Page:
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A Topography of Contemporary Fear
Rohit Goel discusses the significance of Robert Meister's magisterial After Evil: A Politics of Human Rights (Columbia, 2010) for a post-Cold War aesthetics, politics, ethics, and realism, especially in the time of pandemic. Moving between art history, architecture, psychoanalysis, jurisprudence, philosophy, and theology, Rohit reads Meister's global analysis of our contemporary - a time and space stuck between a past deemed evil and a just future that is yet to come.
What does it mean to exist in a 'time that remains' between past and future, a present place/time in which evil is declared over just justice has yet to arrive? What effect does this 'transitional' topography of the contemporary have on creativity, thought, and action?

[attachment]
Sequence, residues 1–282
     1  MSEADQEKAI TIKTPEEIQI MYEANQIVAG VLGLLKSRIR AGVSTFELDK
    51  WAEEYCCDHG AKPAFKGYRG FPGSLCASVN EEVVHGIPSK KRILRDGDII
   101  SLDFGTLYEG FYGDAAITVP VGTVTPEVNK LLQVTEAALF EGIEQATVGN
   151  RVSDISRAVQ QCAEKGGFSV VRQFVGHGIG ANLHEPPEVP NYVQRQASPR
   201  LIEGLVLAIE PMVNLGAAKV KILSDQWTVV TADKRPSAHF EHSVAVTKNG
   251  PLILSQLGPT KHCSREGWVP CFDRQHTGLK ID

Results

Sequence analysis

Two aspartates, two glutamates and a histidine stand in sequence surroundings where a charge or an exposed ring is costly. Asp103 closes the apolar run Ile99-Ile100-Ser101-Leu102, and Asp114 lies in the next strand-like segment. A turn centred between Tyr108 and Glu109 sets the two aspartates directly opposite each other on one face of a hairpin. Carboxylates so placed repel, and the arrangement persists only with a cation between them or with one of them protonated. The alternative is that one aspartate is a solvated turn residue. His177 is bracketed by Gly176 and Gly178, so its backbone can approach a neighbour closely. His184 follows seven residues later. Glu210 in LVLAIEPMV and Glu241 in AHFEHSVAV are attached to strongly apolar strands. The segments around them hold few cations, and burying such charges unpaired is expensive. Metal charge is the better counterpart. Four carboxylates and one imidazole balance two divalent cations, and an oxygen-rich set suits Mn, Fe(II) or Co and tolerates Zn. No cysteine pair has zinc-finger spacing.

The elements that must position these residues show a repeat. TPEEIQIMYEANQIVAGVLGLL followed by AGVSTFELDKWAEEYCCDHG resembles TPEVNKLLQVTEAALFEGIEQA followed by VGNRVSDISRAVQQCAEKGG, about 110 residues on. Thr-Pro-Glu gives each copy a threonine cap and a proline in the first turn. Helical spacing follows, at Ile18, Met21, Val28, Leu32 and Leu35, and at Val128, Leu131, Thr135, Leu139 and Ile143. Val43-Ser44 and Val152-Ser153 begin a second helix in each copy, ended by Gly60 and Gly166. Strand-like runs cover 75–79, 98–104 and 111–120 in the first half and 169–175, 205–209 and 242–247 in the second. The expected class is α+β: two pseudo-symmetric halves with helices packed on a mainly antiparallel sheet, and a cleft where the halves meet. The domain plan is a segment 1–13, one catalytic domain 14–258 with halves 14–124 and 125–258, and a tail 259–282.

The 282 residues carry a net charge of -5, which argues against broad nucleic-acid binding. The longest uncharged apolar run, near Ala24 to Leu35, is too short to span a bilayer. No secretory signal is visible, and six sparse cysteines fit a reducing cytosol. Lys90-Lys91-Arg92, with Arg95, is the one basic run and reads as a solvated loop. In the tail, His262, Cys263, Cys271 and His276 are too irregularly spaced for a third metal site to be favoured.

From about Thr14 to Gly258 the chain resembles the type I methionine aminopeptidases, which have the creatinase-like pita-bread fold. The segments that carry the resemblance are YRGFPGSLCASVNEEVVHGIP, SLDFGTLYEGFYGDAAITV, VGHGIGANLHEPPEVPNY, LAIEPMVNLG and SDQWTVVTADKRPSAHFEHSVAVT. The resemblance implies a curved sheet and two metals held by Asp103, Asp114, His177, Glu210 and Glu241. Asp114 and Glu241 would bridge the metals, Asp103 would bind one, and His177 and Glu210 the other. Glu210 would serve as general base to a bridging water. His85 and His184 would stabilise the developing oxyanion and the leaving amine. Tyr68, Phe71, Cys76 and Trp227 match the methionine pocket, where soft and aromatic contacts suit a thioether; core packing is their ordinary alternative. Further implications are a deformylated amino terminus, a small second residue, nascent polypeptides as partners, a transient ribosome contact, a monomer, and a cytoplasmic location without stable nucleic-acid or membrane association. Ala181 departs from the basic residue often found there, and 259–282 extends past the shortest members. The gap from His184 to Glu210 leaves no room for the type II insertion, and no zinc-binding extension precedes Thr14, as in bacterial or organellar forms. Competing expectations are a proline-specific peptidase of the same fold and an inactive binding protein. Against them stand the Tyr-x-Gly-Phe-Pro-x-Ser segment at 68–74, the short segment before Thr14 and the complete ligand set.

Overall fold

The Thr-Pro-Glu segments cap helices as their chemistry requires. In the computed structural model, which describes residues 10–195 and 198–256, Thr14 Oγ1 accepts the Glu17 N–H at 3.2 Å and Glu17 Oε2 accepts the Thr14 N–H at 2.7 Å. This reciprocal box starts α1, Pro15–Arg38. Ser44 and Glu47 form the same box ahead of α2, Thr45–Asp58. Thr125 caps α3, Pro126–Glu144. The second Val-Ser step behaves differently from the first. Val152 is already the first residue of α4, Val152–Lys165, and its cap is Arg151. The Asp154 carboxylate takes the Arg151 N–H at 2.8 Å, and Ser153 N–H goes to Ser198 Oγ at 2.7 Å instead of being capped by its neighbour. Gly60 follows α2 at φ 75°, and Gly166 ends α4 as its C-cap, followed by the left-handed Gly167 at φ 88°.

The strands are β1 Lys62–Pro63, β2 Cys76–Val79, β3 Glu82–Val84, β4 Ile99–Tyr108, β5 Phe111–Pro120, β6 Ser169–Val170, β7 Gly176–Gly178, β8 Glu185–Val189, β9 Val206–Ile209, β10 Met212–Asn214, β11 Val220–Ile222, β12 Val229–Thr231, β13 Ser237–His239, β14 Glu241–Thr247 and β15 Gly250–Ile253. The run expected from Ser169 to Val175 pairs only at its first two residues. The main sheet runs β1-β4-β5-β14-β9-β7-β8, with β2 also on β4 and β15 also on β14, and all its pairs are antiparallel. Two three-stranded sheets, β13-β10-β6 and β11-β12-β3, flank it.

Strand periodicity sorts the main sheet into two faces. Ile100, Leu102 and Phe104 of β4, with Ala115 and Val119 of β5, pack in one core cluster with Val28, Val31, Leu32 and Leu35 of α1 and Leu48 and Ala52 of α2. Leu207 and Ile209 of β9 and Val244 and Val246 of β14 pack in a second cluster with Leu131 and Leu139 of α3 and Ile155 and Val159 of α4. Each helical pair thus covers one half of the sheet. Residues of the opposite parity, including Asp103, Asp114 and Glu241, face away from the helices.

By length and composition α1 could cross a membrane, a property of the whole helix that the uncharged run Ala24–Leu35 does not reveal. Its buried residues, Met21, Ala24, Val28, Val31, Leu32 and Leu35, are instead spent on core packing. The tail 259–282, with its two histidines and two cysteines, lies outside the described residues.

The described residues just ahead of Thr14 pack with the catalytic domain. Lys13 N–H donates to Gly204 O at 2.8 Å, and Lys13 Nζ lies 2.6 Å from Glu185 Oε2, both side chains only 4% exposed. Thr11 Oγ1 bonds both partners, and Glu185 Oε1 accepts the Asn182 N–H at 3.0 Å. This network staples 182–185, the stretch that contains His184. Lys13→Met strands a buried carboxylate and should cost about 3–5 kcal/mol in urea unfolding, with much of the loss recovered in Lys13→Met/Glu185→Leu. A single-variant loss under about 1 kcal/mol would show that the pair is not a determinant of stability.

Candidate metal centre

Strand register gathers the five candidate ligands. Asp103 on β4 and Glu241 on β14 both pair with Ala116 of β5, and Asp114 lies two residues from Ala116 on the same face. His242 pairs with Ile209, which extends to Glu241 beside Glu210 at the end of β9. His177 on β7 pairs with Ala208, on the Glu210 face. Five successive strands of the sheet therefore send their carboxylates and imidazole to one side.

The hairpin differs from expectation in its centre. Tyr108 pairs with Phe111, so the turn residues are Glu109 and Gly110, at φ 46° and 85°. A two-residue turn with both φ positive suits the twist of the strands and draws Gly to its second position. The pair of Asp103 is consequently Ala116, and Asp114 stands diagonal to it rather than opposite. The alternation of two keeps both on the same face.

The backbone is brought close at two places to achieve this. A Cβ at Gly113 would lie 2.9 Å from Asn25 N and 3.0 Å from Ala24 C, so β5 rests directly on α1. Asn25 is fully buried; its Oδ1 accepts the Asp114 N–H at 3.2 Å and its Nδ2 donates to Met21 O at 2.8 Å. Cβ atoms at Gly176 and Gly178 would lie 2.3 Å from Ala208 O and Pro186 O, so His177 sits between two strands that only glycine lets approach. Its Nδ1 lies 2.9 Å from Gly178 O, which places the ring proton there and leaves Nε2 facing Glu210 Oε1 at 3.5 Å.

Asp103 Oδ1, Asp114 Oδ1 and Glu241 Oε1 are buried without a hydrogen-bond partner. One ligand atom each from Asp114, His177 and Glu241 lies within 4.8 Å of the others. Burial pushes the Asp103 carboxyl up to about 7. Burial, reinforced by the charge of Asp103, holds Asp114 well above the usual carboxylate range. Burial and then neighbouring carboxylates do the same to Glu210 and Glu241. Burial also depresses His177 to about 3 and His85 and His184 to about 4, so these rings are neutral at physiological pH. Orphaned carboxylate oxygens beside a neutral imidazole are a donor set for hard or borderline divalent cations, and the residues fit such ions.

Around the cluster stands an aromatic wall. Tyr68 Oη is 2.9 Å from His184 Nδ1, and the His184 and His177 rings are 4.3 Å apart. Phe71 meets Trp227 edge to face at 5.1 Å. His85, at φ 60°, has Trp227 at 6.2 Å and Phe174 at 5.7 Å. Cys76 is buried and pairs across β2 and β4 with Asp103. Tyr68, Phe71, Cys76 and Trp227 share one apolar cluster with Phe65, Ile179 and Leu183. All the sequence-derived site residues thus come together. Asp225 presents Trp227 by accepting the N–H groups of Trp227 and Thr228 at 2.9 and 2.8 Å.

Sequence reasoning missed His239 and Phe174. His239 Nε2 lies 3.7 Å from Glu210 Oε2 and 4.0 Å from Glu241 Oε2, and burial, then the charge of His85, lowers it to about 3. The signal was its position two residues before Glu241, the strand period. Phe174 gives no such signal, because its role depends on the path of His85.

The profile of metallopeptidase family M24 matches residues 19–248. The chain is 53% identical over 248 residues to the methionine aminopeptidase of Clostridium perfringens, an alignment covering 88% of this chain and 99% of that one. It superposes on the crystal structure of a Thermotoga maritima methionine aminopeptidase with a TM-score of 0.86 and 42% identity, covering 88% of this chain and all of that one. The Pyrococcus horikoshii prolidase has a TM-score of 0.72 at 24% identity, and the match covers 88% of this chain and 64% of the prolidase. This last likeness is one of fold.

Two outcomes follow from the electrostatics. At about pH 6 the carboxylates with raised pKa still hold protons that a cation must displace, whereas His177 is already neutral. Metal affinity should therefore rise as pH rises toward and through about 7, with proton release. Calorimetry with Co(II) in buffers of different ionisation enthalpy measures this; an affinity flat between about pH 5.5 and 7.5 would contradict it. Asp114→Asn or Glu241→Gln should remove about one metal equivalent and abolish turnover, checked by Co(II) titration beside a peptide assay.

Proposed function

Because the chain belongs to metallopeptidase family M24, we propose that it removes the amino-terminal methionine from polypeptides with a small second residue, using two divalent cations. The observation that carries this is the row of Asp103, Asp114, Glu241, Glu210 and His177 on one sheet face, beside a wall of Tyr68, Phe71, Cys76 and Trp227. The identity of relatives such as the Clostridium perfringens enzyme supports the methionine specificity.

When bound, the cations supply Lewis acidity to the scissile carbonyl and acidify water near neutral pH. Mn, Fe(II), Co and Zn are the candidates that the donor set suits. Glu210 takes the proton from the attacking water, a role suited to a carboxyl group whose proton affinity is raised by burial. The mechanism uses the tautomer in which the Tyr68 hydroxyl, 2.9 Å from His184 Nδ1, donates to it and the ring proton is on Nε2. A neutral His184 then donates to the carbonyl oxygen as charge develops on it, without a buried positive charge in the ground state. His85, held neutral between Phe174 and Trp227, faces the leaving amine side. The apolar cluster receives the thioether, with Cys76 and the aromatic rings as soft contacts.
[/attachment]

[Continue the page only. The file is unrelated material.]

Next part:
With the Lebanese artist and writer Walid Sadek, in 2011, Rohit sustained a year-long reading group on Meister's singular book in Beirut's south suburbs, with artists, architects, writers, critics, political philosophers, theologians, advocates, and activists. He subsequently taught courses on the book After Evil alone, at times with Robert Meister, thrice at the University of Chicago, once at Sciences Po Paris, and once at Jnanapravaha Mumbai. For the first time in years, Rohit will be teaching Meister's book in BICAR's course, After Evil.